11. Midrash, Vayyikra Rabbah 37:2
Once, on Hoshana Rabbah, his wife gave him ten coins and told him to purchase something for his children. When he went to the market he encountered tzedakah collectors, who said, “Here comes a person of mitzvot!” They asked him, “Please give your portion in a mitzvah, for we are purchasing the wedding needs of an orphan girl.” He gave those ten coins to them, and was then embarrassed to go home.
The man went to shul, where he saw the etrogim that the children ruined on Hoshana Rabbah, regarding which we learned, “Immediately, the children would remove their lulavim and eat their etrogim.” He took the etrogim from them and filled a sack and went to sea until he arrived at the land of a certain king... [He went on to heal that king of a stomach ailment with these etrogim, and he was rewarded with great wealth.]
12. Mishnah, Gittin 5:8
Taking that which a minor has found is prohibited as theft, because of the need for peaceful conduct.
Applications of this leniency
13. R’ Yisrael Isserlein, Terumat haDeshen, Psakim 210
Certainly, in this case [of apparently intentional harm, during hakafot] we would need greater evidence that there was intent to harm, for without intent to harm he would be exempt – even though the harm was a result of his actions – since it occurred during the time of joy in pursuit of a mitzvah…
14. Rama, Choshen Mishpat 378:9
Young man who ride out to greet a groom and bride and harm each other’s property in a manner of joy and laughter, or who do so in other joyous circumstances, are exempt from liability because that is the practice.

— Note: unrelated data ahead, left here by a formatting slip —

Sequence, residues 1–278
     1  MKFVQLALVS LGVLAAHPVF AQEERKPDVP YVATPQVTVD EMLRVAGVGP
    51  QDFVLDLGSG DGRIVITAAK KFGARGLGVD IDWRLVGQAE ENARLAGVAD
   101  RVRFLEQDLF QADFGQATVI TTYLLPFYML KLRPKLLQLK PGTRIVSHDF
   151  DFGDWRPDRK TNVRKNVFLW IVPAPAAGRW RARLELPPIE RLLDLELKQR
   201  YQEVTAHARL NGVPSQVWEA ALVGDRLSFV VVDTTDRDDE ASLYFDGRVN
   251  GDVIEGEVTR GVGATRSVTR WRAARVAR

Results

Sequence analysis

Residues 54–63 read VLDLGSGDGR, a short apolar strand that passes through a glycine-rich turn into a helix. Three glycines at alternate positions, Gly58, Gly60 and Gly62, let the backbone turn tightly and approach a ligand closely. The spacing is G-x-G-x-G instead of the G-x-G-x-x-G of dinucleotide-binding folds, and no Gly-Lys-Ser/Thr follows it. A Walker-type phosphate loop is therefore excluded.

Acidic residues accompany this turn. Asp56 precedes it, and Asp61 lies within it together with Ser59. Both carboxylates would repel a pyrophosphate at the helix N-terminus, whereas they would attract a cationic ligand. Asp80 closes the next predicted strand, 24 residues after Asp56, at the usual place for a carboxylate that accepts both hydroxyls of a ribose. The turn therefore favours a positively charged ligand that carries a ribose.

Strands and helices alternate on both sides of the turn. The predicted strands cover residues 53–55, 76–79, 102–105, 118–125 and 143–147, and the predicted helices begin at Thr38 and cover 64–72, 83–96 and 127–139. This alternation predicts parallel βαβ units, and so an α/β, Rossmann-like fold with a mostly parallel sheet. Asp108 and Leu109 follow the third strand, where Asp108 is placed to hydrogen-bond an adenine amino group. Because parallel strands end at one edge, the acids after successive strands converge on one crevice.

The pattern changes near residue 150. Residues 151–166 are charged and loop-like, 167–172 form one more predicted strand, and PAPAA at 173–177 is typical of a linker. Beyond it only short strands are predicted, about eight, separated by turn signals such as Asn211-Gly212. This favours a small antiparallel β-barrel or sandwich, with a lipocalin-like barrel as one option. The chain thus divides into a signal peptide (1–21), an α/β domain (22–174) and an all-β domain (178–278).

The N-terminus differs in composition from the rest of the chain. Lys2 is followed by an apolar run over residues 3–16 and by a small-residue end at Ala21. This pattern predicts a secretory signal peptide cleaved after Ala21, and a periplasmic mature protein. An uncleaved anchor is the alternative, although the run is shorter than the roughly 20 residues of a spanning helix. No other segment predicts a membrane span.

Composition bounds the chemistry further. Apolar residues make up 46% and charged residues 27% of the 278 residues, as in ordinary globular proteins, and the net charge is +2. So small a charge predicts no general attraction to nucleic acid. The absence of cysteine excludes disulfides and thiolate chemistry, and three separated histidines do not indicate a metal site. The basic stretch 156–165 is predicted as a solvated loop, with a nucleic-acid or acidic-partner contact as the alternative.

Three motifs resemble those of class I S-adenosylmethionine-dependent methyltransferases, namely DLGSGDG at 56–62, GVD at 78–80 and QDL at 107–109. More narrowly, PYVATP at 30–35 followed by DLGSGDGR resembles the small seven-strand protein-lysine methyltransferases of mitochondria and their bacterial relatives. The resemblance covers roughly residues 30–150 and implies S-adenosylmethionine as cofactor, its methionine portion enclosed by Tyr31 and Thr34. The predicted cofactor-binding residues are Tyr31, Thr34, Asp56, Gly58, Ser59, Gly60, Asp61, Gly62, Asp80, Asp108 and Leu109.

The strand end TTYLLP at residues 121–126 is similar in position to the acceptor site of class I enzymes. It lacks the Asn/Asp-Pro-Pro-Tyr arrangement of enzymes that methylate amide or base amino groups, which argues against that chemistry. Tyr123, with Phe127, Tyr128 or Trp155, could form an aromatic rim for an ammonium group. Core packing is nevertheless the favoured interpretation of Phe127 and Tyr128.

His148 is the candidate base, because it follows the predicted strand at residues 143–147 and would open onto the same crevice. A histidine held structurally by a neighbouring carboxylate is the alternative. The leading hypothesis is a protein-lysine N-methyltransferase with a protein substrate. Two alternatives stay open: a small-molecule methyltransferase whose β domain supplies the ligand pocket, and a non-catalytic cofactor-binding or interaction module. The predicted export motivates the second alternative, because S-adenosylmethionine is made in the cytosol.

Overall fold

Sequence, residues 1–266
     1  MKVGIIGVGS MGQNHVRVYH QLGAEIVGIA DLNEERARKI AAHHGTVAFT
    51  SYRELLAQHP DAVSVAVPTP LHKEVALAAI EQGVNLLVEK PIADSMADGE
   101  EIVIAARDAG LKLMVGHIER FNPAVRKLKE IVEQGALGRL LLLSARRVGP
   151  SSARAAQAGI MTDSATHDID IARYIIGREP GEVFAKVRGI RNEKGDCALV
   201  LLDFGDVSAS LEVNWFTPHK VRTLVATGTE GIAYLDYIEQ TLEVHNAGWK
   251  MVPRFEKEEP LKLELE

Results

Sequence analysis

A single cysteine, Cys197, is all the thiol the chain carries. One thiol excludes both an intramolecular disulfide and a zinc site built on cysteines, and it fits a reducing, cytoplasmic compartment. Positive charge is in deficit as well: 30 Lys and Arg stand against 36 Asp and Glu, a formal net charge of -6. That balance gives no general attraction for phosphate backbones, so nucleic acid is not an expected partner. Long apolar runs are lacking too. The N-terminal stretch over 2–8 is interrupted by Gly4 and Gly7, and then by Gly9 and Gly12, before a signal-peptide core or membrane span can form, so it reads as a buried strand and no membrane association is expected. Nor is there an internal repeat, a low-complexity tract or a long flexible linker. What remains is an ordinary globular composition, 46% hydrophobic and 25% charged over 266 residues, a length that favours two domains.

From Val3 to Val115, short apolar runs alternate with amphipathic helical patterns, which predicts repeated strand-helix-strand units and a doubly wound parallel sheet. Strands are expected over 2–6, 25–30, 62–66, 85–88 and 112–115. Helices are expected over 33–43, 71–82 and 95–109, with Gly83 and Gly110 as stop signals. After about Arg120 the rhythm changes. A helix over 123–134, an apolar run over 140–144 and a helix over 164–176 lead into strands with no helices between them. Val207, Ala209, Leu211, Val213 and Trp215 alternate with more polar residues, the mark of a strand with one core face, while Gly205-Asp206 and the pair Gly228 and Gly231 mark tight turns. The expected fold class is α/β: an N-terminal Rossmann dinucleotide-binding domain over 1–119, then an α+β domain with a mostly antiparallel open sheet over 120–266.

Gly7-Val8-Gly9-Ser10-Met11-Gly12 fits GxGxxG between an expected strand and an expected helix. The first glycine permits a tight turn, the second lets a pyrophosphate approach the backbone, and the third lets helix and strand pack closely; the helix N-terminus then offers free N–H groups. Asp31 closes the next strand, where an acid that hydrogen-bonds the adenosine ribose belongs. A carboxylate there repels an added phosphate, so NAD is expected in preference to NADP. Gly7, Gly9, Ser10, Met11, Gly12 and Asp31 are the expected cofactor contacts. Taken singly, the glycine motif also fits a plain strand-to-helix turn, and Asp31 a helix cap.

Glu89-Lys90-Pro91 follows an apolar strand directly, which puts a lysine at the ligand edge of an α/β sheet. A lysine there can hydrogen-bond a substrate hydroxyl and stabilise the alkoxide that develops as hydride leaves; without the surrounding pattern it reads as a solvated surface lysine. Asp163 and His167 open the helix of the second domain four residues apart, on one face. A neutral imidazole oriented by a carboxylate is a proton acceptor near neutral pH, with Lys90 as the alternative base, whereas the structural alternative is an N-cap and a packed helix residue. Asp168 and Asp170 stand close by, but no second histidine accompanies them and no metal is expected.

15. R’ Yechiel Michel Epstein, Aruch haShulchan Choshen Mishpat 378:21
Where they normally play at times of joy, having people run and ride horses as they would in earlier times, as when they had young men ride on horses to greet a groom, and they would run and damage each other's property in a manner of joy and laughter, and so in other matters of joy like Simchat Torah and Purim, if this is the practice then they are exempt.
Still, if the court decides that they should make a fence and hold a vandal liable, they are so empowered, for many corruptions emerge from this conduct.
16. Rama, Orach Chaim 696:8
People who grab from each other in a manner of joy do not violate “Do not steal.” This is the practice, but only so long as one does not do anything violating municipal edicts.
17. R’ Yechiel Michel Epstein, Aruch haShulchan Orach Chaim 696:12
One who harmed must pay, for today, due to our great sins, all joy is dimmed and we are not on this level.
How does this leniency work?
18. Talmud, Bava Kama 93a
If someone says, “Hit me” or “Wound me” on condition that the assailant will be exempt from liability, he is exempt.
19. Shoel uMeishiv IV 3:108, cited in Sdei Chemed ד:קסג ובעיקר
When Rashi says that forgiveness does not work regarding onah, because it is a matter of physical pain, that is specifically where the husband requests the condition and she is appeased and she forgives it. The same is true whenever someone requests of a person that he forgive something, and he is appeased. Then we say that he did not forgive with a full heart, but only relented to his friend’s appeal.
However, if the forgiver was the one who initiated it, then even in a matter of physical pain it is obvious that he forgave with a full heart. Who asked him to forgive, if he is not speaking out of the desire of his heart?
20. R’ Yisrael Isserlein, Terumat haDeshen, Psakim 210
However, I see, and my heart tells me, that that this matter requires a great fence. If, Gd-forbid, one would ambush another in this place, the mitzvah of circumnavigating the bimah would be lost out of fear of harm from one’s enemy. Further, the sin of one who would harm another at this time would be greater than in another place and at another time, for he mocks the holiness of the synagogue and he performs this mitzvah with a transgression. Further, he does it while the Torah is upon the bimah…
21. Rama, Choshen Mishpat 378:9
Still, if it would appear to the court that they should create a fence against this, they are so empowered.